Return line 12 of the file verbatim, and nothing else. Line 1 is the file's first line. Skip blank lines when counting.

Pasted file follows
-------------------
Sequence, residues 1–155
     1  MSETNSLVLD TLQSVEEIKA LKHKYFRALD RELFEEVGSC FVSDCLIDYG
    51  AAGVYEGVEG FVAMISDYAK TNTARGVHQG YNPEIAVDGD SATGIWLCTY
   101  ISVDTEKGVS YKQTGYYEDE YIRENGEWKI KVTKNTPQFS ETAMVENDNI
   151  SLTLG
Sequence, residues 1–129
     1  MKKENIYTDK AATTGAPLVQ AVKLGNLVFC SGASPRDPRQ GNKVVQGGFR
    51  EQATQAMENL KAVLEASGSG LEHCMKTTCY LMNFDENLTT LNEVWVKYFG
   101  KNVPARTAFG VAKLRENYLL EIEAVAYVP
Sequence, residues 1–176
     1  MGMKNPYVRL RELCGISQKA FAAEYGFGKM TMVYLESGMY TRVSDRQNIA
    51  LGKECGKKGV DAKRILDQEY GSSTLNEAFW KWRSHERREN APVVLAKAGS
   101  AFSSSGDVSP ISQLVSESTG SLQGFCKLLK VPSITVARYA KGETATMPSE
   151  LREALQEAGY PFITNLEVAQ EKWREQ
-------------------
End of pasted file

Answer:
    51  LGKECGKKGV DAKRILDQEY GSSTLNEAFW KWRSHERREN APVVLAKAGS